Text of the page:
Clinical Breast Examination
How It Is Done continued...
professional will feel (palpate) each breast for any unusual or painful areas
or for a dominant lump. A dominant lump in the breast is any lump that is new,
larger, harder, or different in any other way from other lumps or the rest of
the breast tissue.
Your health professional will gently press on
the breast tissue from about
1 in. (2.5 cm) below the breast
up to the collarbone. He or she also will examine your armpit (axillary area)
and your neck for swollen glands (lymph nodes).
Your health professional will likely press gently on your nipple to check for
After the examination, your health professional
may teach you how to examine your own breasts (breast self-examination) and help you practice doing it. Regular breast
self-examination has not been shown to be helpful for finding early breast
How It Feels
A clinical breast examination normally
does not cause any discomfort unless your breasts are tender.
There are no risks in having a clinical breast
A clinical breast examination (CBE) is a
physical examination of the breast done by a health professional. Findings of a
clinical breast examination may include the following.
Clinical breast examination
The nipples, breast tissue, and areas around the breast
look normal and are normal in size and shape. One breast may be slightly larger
than the other.
A small area of firm tissue may be present in the lower
curve of the breast below the nipple.
Tenderness or lumpiness that occurs in both breasts is
normal for many women. Many women have the same lumpiness or thickening in both
breasts during the menstrual cycle.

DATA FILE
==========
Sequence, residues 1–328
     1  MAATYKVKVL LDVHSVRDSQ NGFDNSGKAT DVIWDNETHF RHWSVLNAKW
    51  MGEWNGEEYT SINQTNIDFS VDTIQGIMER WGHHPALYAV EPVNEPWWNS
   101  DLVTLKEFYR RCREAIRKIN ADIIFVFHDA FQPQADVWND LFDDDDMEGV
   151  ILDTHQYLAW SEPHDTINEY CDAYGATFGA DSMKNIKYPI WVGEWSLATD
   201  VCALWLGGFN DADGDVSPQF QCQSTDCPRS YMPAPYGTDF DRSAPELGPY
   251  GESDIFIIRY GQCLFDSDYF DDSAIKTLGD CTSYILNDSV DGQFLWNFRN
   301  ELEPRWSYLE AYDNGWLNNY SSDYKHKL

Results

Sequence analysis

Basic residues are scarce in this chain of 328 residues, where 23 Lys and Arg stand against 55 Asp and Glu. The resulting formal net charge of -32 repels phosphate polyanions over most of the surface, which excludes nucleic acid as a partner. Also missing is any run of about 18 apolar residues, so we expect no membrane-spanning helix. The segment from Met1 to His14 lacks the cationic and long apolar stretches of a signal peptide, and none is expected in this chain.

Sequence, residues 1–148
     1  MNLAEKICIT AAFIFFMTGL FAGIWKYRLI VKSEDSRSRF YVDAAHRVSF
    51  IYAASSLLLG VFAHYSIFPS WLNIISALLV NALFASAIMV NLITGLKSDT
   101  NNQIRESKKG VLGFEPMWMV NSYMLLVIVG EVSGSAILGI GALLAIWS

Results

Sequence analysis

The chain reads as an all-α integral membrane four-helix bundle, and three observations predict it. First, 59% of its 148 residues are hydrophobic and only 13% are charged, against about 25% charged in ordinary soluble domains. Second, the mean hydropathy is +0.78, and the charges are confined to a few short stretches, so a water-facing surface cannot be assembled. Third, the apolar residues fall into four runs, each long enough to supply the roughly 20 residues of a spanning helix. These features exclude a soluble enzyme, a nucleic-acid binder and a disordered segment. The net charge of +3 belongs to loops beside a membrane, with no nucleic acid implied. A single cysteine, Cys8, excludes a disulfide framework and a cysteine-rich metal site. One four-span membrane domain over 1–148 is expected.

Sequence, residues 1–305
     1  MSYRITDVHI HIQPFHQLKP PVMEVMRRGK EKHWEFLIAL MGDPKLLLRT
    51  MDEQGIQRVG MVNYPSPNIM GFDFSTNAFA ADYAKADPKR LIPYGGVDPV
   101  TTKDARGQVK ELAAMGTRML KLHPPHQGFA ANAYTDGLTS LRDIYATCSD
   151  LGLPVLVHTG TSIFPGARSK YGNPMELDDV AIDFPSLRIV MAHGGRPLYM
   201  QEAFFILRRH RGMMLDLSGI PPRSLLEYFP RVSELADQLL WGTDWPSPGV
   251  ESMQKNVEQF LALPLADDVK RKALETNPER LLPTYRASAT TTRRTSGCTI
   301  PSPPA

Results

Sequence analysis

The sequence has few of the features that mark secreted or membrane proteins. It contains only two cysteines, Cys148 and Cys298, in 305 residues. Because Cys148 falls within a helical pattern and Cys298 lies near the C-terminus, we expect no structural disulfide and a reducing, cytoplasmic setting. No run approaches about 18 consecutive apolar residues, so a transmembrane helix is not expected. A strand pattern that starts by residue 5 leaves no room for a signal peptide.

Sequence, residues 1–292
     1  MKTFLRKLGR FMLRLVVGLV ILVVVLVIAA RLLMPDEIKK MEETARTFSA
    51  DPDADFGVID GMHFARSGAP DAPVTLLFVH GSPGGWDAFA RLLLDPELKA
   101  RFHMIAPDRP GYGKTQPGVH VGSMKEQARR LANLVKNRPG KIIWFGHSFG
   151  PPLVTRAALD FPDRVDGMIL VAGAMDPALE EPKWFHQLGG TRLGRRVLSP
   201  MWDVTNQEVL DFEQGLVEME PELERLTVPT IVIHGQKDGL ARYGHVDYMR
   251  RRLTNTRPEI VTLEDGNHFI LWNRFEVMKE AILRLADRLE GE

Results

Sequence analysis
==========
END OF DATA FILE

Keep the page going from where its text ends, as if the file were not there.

A clear or milky discharge (galactorrhea) may be present
when the nipple is squeezed. This may be caused by nursing, breast stimulation,
hormones, or some other normal cause.
One breast may have more glandular tissue (lumps) than the
other one, especially in the upper outer quadrant of the breast.
A firm lump or area of thickening may be present in one of
Changes in the color or feel of your breast or nipple may
be present. This can include wrinkling, dimpling, thickening, or puckering or
an area that feels grainy, stringy, or thickened.
A nipple may sink into the breast. A red, scaly rash or
sore may be found on the nipple.
Redness or warmth over a painful lump or over an entire
breast may be present. This may be caused by an infection (abscess or
mastitis) or cancer.
A bloody or milky discharge (galactorrhea) may occur
without stimulation (spontaneous).
If a breast problem is found, the next step depends on the
- Cyclic breast pain,
fibrocystic changes, or
cysts may just be rechecked to see if they change or
go away on their own. Cysts may also be checked by
ultrasound or drained with a needle (aspirated) to
make sure they are cysts and to help relieve pain.
magnetic resonance imaging (MRI), or ultrasound may be
needed if a lump is found. Breast tissue may be taken out with a needle (needle
aspiration or core biopsy) or through a small cut (biopsy) to be
looked at under the microscope.
- Nipple discharge, especially if it
is spontaneous or bloody, may be looked at under a microscope for unusual